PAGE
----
PARK CITY, Utah — One of the most talked-about films at Sundance this year is “Get Low,” a film that boasts a-list actors like Robert Duvall, Sissy Spacek and Bill Murray, but has a very independent heart.
“Get Low” takes an old folk tale that everyone’s heard (an eccentric old hermit living in the mountains, shrouded in mystery and foreboding) and gives it a heart. Felix Bush (an inspired performance by Robert Duvall) has lived alone in the deep woods for forty years with no other companions besides his mule and his rifle, which gets pulled out every time a trespasser approaches. The townsfolk whisper stories of how he once murdered a man and would do so again. Bush decides to call them to the carpet by having a postmortem funeral — or “funeral party” as he calls it.
Lucas Black, a southerner through and through with an “aw, shucks” smile and a deep country lilt, plays Buddy Robinson, the young apprentice to slimy salesman Frank Quinn (Bill Murray at his best) of Quinn’s Funeral Home. While Quinn throws an elaborate party for Bush in order to turn a profit, Robinson spends the film becoming close to Bush and trying to discern the mystery of his existence.
We got a chance to sit down with Black today to talk about how he chooses his roles and what it’s like to work with such acting legends as the ones in “Get Low.” (Spoiler alert!)
What attracted you to this part?
LB: Well, I was very fortunate to get that script. It was a really quick decision. It was sent to me at 11 at night, and they had to know by the next day. I really liked my character and loved how the whole story was written. I felt really honored to be a part of it.
What attracted you to the script?
LB: The story. There’s more movies that should be made like “Get Low.” Every movie that’s made these days, it’s gotta be really over the top, nasty…sexual innuendos…to be entertaining. Me and Maggie, my fiancee, talked about that and think the only thing that might hurt “Get Low” is people these days might not think it’s that big of a deal that he (Bush) had an affair with another woman. It’s sad, but it’s true. So it’s a good moral story.
You’ve done two very different types of films — “Friday Night Lights” and then “Fast and the Furious: Tokyo Drift.” What appeals to you in each genre?
LB: Well, one is good stories and the other’s fun to do. “Tokyo Drift,” well that’s the funnest movie I’ve worked on. A 25 year old male getting to burn rubber on someone else’s expense (laughs). Can’t beat that. It was good people to work with. That was the good thing about this one, too. It was shot in Atlanta, I felt at home. I loved Aaron (Schneider, director), man. He really knew what he wanted and he was a confident director. He stuck to his guns. A lot of times producers or heads of studio will try to come on set and pressure a director, to do it this way, and it’s not really good to see, I don’t think.
How do you handle that as an actor?
LB: Well, I know what’s going on. It doesn’t really affect me that much, but I see it affect my colleagues. Aaron really knew what he wanted. All of us, when we went to work, were on the same page, because we liked this story so much and liked how it was written and we all was on the same page on what we wanted to accomplish.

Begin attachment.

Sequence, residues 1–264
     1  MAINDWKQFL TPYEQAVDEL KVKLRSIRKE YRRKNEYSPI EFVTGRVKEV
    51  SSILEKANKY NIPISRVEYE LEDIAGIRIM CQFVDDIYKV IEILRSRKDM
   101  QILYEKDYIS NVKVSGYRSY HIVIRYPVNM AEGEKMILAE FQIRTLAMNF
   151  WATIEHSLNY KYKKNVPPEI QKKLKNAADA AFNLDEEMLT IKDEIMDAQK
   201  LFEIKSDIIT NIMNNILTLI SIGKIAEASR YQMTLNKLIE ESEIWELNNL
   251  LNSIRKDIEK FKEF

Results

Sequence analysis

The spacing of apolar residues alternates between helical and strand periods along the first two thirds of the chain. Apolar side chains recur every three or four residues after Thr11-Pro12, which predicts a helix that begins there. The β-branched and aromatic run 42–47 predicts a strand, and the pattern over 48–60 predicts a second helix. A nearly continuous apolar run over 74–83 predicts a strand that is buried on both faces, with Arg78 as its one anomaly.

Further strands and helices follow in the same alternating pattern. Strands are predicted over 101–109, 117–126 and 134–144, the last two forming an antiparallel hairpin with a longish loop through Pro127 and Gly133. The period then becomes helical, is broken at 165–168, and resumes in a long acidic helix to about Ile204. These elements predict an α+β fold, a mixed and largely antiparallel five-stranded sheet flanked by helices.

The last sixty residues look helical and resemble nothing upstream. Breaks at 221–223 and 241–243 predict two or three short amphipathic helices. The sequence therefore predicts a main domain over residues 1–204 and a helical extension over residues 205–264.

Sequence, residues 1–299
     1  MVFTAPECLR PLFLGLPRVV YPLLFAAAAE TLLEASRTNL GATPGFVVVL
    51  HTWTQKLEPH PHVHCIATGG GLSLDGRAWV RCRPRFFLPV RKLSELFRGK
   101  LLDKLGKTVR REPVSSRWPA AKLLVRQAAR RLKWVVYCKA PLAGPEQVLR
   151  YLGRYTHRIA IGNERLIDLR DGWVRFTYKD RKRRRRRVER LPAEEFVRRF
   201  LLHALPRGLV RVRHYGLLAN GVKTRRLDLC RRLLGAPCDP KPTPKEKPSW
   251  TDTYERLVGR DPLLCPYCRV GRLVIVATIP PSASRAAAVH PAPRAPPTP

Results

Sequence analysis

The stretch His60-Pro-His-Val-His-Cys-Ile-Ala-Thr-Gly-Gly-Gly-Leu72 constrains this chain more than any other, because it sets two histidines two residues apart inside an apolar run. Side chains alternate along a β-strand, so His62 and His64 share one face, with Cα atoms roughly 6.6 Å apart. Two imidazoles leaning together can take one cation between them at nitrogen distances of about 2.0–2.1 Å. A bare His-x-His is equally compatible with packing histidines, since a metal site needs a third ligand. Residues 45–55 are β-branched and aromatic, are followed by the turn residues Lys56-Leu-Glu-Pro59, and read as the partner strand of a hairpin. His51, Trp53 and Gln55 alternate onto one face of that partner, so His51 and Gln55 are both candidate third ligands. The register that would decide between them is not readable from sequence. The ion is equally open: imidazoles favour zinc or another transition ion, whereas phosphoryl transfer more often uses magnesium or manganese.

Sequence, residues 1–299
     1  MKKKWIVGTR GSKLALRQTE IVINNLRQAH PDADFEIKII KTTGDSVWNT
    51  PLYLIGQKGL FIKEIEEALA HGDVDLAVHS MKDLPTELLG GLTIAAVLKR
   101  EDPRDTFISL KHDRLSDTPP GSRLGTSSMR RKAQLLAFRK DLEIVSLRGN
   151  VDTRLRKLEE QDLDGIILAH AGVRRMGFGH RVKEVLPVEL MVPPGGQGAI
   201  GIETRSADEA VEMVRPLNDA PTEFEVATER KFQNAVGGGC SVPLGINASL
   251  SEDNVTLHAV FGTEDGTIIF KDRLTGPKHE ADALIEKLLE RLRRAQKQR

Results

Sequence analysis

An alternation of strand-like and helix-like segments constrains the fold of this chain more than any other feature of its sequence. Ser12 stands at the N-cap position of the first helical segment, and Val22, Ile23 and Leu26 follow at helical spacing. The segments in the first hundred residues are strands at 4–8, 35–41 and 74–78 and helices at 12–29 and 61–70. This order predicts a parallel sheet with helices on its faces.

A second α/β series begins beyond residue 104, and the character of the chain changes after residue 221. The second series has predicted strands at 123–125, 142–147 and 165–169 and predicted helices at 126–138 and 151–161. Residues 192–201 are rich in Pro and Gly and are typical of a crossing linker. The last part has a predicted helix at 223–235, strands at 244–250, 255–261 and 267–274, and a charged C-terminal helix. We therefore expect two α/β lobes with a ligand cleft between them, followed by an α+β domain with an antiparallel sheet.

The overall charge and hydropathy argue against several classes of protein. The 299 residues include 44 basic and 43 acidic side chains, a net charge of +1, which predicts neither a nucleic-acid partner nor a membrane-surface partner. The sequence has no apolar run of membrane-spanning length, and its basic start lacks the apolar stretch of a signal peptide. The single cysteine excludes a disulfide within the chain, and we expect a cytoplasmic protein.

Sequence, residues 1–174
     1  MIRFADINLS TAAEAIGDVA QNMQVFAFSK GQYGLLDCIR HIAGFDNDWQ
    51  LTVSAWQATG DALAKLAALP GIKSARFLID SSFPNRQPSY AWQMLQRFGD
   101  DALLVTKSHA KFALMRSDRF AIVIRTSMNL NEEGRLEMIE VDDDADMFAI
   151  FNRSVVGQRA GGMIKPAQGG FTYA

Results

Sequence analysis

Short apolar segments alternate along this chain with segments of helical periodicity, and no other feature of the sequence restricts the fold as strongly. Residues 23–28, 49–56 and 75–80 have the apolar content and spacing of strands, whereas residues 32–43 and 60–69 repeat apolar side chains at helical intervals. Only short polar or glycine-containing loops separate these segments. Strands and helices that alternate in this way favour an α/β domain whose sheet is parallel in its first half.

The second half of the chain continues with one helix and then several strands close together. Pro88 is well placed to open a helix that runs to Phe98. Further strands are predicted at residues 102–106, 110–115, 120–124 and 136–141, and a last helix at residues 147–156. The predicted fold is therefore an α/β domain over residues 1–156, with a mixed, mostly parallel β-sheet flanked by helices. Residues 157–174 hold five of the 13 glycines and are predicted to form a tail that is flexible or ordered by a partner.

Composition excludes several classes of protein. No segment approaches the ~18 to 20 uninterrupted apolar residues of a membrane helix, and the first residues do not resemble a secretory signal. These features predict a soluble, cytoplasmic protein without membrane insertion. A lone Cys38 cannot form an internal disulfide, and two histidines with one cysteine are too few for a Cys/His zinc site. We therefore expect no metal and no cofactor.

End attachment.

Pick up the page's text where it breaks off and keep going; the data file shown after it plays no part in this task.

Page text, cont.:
Is there anything you need on set to make you more comfortable?
LB: Good food! (laughs) And usually that’s not a problem.
What was it like working with Bill Murray?
LB: Oh Bill Murray…man, he’s a character. He brings the bright side to “Get Low,” really. Cause it’s a dark movie, you know. When he was on set, he’d lighten things up. You know, he bought a juke box and he would bring it and play music, you know, just to lighten the mood if everybody was gettin’ tense.
He has a reputation for being pretty spontaneous.
LB: I like that. I don’t really like to rehearse, because I like to, hopefully, be able to do things on a whim, or if I need to change a certain way. Cause if you rehearse, I notice myself I get stuck doin’ it one particular way. I like for it Aaron tells me to try somethin’ or if Bill Murray throws me for a loop, to be able to react to it.
You’ve been acting since you were a child — did you look up to your co-stars then? If so, do you still?
LB: I really didn’t. I really didn’t. Growing up I didn’t really watch that many movies, so I really wasn’t starstruck. I guess it’s just the way I was raised. That’s not sayin’ I don’t learn from ’em. I learn from everybody. Whether it’s good or bad. I’ve been fortunate enough that the people I’ve worked with I’ve learned a lot from, and at a young age, too.
If you didn’t watch a lot of movies, what attracted you to acting?
LB: Well my mom heard about the audition on the radio and just wanted to take me. Really, at ten years old, I didn’t really know there was such a thing as acting. I had been in school plays, so I knew about that. But as far as TV…we watched sports and fishin’ shows. I just did what they told me to do when I went. It just worked out.